Marine systems have been severely affected in recent years by mass mortality events related to positive thermal anomalies. Although the immediate effects of warming-related mortality in species’ demography are well known, the mid- to long-term effects at the community level are much less documented.

This study shows how an extreme warming event in the Western Mediterranean (Cabrera National Park, Spain) caused the replacement of a structurally complex habitat, dominated by long-lived species, by a simplified habitat with lower diversity and richness, dominated by turf-forming species.

Additionally, the authors performed a manipulation experiment with the red gorgonian Paramuricea clavata, which results showed that its presence mitigated the effects of warming by maintaining the original assemblage dominated by macroinvertebrates and delaying the proliferation and spread of the invasive alga Caulerpa cylindracea.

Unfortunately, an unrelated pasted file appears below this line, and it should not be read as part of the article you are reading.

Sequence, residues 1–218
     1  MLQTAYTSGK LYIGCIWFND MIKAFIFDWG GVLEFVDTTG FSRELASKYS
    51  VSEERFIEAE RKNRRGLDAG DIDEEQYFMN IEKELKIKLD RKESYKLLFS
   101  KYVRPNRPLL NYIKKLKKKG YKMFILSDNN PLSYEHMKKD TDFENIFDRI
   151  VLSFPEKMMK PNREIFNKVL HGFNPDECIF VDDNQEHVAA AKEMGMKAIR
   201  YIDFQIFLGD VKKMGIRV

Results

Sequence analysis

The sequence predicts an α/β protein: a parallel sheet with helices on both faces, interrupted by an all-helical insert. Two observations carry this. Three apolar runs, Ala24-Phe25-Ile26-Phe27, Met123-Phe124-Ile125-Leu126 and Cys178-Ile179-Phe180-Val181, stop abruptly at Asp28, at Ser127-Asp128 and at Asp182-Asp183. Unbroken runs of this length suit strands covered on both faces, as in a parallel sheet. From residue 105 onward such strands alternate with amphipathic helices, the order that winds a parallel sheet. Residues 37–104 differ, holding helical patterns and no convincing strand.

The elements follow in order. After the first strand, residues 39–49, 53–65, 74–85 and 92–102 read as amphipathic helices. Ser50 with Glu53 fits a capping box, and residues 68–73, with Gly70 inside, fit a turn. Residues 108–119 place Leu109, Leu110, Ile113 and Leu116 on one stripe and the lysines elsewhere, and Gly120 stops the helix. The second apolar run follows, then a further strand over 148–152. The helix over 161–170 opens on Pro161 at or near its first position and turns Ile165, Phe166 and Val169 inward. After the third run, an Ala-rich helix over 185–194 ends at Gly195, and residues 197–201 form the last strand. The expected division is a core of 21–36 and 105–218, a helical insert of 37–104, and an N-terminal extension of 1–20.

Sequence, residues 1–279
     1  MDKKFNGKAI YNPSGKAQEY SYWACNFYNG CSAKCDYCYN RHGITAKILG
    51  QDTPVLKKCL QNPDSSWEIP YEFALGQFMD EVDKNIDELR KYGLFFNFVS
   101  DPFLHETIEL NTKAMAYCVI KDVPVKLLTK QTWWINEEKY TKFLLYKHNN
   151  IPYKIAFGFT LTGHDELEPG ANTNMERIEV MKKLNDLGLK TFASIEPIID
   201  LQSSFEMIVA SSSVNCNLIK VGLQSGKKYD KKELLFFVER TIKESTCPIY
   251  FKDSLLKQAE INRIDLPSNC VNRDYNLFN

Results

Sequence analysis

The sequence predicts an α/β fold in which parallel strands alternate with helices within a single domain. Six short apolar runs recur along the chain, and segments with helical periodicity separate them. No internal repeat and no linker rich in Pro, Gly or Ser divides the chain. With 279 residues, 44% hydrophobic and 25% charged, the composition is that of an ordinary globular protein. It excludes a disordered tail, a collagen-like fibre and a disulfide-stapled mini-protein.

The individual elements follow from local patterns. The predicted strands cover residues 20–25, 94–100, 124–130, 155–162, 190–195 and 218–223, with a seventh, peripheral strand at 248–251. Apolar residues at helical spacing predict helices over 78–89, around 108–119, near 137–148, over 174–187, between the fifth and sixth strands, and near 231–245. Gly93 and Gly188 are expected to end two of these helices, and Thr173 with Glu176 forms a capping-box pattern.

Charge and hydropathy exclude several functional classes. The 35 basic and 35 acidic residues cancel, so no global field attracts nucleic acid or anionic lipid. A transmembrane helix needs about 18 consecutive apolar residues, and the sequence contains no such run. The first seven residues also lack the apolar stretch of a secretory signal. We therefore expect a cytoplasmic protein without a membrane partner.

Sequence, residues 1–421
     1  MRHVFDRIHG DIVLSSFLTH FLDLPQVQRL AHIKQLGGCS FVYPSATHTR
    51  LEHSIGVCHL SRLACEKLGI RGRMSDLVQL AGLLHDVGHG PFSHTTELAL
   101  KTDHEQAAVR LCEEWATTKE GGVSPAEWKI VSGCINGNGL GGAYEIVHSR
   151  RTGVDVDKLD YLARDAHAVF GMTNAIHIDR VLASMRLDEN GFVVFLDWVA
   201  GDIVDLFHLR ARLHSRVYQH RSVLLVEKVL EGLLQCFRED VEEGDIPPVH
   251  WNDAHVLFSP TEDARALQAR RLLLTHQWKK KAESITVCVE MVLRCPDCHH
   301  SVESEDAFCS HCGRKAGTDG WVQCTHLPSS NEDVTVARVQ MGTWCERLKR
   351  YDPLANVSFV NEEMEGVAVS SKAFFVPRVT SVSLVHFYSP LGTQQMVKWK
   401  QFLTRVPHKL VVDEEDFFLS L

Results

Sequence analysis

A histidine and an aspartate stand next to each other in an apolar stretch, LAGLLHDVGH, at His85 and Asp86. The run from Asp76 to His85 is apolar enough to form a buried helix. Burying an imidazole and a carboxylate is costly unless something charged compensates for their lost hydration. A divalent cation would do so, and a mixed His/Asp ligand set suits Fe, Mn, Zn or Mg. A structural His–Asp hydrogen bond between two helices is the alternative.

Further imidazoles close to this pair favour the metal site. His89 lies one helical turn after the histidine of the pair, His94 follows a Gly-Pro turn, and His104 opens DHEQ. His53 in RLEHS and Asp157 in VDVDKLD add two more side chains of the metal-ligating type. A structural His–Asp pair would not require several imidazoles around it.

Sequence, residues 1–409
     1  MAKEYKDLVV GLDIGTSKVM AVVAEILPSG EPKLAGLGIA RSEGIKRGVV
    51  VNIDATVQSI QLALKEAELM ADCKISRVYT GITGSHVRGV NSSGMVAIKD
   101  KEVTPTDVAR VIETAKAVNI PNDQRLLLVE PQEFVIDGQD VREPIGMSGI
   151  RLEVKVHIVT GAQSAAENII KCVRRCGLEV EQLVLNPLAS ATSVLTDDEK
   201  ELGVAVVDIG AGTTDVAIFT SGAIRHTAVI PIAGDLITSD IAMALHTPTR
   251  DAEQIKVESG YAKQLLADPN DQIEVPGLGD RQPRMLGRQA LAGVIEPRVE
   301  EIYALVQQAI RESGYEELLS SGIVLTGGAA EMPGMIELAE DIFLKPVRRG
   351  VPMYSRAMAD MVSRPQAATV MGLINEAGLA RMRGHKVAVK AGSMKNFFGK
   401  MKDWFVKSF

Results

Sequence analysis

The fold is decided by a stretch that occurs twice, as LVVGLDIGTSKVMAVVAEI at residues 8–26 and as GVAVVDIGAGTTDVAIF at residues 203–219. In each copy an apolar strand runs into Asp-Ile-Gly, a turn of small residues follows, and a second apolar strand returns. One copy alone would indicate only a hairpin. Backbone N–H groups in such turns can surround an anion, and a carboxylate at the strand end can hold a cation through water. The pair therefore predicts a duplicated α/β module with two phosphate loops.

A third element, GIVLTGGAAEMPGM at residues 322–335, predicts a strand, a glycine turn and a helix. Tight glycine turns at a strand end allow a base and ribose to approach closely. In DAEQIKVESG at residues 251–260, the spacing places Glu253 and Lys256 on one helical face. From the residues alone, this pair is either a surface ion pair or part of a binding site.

The authors highlight the evidence of the synergic and additive effects of global and local stressors that are affecting ecosystems around the world. It is underlined that being the Mediterranean Sea one of the regions most affected by warming and extreme climatic events, the results of this study are of especial relevance as they show a degradation of an entire Mediterranean assemblage to levels never reported before.

Verdura et al. (2019) Biodiversity loss in a Mediterranean ecosystem due to an extreme warming event unveils the role of an engineering gorgonian species. Scientific Reports 9:5911.